Wednesday, December 16, 2009

Baseball from a different perspective

I tend to look at baseball from the international angle mostly, but I like baseball outside the mainstream. One area I haven't really paid a lot of attention to is the Independent Leagues in the states. Now, obviously living in the UK makes following the independent leagues a little harder, but it's not impossible. Thanks to a great web site:

The site covers all things independent. There are tabs on the teams, managers, players, scheduling, standings and statistics, as well as:

Easy-to-find links to specific information on independent baseball team and league websites

Up to date independent baseball news across all leagues and the industry in general

Resources to help those who want to join the industry

Resources for independent baseball alumni (players, managers, staff, executives, announcers, umpires, etc.)

Links to the third-party statistics services which many teams and leagues use (these links are not widely known by most fans)

Ability to quickly and easily listen to independent baseball games

Ability to find archived online broadcasts in case you want to listen to a previous game

Ways to collect unique independent baseball merchandise and memorabilia

Useful content throughout the site which will give you tips and advice on specific content

(upcoming) Exclusive interviews with players, former players, and industry insiders
New features will be added based on your feedback and that of fellow website visitors
I wasn't aware that there are actually 8 independent leagues operating right now, featuring anywhere from 6 - 12 teams. And they pretty well have the country covered, as well as a presence in Canada.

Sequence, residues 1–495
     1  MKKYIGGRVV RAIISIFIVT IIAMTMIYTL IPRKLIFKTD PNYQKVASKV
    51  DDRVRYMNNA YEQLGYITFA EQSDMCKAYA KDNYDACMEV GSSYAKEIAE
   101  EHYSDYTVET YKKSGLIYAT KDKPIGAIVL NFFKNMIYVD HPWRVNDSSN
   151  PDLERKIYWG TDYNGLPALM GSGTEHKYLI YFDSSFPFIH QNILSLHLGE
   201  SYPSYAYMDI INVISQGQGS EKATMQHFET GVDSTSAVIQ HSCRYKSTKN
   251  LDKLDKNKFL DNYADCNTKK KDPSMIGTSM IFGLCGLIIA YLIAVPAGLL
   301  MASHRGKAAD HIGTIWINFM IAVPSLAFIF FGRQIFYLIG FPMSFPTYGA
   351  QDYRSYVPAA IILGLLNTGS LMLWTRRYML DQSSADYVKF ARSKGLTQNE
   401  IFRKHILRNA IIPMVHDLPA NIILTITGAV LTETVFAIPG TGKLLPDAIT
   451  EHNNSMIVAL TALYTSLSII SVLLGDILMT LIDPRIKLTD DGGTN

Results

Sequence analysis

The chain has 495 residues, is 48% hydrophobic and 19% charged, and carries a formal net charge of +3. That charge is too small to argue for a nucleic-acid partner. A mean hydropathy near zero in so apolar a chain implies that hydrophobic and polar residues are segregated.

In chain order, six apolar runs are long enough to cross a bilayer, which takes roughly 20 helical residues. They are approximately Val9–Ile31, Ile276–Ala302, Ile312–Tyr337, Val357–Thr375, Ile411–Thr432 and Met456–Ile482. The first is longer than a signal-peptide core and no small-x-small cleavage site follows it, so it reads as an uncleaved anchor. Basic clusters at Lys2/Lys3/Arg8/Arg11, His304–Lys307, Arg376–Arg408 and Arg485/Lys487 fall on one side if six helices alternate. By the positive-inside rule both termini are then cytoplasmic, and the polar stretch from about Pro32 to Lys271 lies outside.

The Northern League features the Kansas City T-Bones, a team I have never watched play, but many of my family members and friends have.

I did make the mistake of comparing independent ball to A ball, but I have been corrected on this, and have been told by many people that it is AA level, at a minimum. I'll trust the words of those who have seen, and not just those who write.

There is also a daily blog that needs to be checked out. You can easily spend a couple of hours or more going through the site, finding out where the teams are at, former major leaguers playing, and checking the stats.

It's not major league baseball, but it is baseball. Check it out. It's well worth the time.

Bass 'fishing'

Having played sports in high school (where we didn't have much to celebrate) and in the Army (where we did), I can understand the joy of wanting to celebrate any kind of victory. In the states, we tend to do the dogpile, and as much fun as winning is, being at the bottom of it isn't. In Japan and South Korea, tossing seems to be the cultural equivalent of 15 guys jumping on top of you and trying to bury you somewhere near the pitcher's mound.